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Contributed by Bill Bonner
Publisher of: The Fleet Street Letter



Today:  Endless Summer

In Today's Daily Reckoning:

*** Yet another increase in oil yesterday. Up to $35.39. 
High oil prices are beginning to cause some slips and 
spills on Wall Street and elsewhere.

*** Dupont announced yesterday that its earnings would be 
hurt. Higher oil would cost the company about $1 billion, 
it said. Dupont shares lost 11% and dragged the Dow down 
50 points.

*** William Fleckenstein, at, recalls 
that this is the not the first time Dupont has slipped up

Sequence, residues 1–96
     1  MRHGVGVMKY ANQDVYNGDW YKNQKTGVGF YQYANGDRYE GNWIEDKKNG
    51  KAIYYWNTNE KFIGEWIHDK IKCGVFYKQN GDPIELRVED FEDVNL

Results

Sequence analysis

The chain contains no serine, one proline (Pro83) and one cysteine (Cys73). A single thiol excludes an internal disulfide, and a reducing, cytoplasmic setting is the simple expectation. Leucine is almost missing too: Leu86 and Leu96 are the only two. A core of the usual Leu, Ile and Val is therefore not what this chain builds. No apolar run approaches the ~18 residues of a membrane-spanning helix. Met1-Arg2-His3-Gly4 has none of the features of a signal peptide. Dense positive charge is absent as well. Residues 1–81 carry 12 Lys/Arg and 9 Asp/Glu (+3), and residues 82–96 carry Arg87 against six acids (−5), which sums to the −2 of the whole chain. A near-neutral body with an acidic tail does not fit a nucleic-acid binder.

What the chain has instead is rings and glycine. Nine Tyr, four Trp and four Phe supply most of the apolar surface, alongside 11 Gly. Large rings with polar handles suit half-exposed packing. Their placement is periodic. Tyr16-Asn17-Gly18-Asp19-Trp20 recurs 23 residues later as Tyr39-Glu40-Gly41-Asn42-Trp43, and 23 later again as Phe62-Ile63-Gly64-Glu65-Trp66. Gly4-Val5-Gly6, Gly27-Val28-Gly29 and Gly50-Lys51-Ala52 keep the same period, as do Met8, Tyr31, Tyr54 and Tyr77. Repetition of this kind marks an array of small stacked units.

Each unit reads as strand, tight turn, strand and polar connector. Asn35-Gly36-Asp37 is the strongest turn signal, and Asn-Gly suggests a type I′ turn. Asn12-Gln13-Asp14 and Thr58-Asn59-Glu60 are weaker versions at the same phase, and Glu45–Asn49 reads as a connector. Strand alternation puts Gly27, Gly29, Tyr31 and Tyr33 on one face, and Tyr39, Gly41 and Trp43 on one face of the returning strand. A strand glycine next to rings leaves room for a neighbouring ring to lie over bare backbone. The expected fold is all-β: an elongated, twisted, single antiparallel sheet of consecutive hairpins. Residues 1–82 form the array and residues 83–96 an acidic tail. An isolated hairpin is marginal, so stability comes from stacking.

on oil: "Dupont bought Conoco at the top of the oil cycle 
in 1980 when oil was about the price it is today-on its 
way to $8. The company sold Conoco a couple of years ago 
when oil's price was on its lows. So, here's a company 
that has managed to shoot itself in the foot at two 
different inflection points and now is being squeezed by 
the very costs it sought to avoid when it bought Conoco 
in the first place."

*** Other forms of energy are rising too. "The Internet 
Begins With Coal," says a research study on electricity 
by physicist Mark Mills of the Greening Earth Society. 

*** Dan Ferris reports: "Mills' thesis is simple, having 
been previously stated right in the title of a report 
called 'Coal: Cornerstone of America's Competitive 
Advantage in World Markets.' Mills shows once again in 
'The Internet Begins With Coal' that U.S. GDP and 
electricity demand have tracked one another perfectly for 
over 20 years now. No coal, no electricity. No 
electricity, no economic growth. We are very much a coal-
based economy."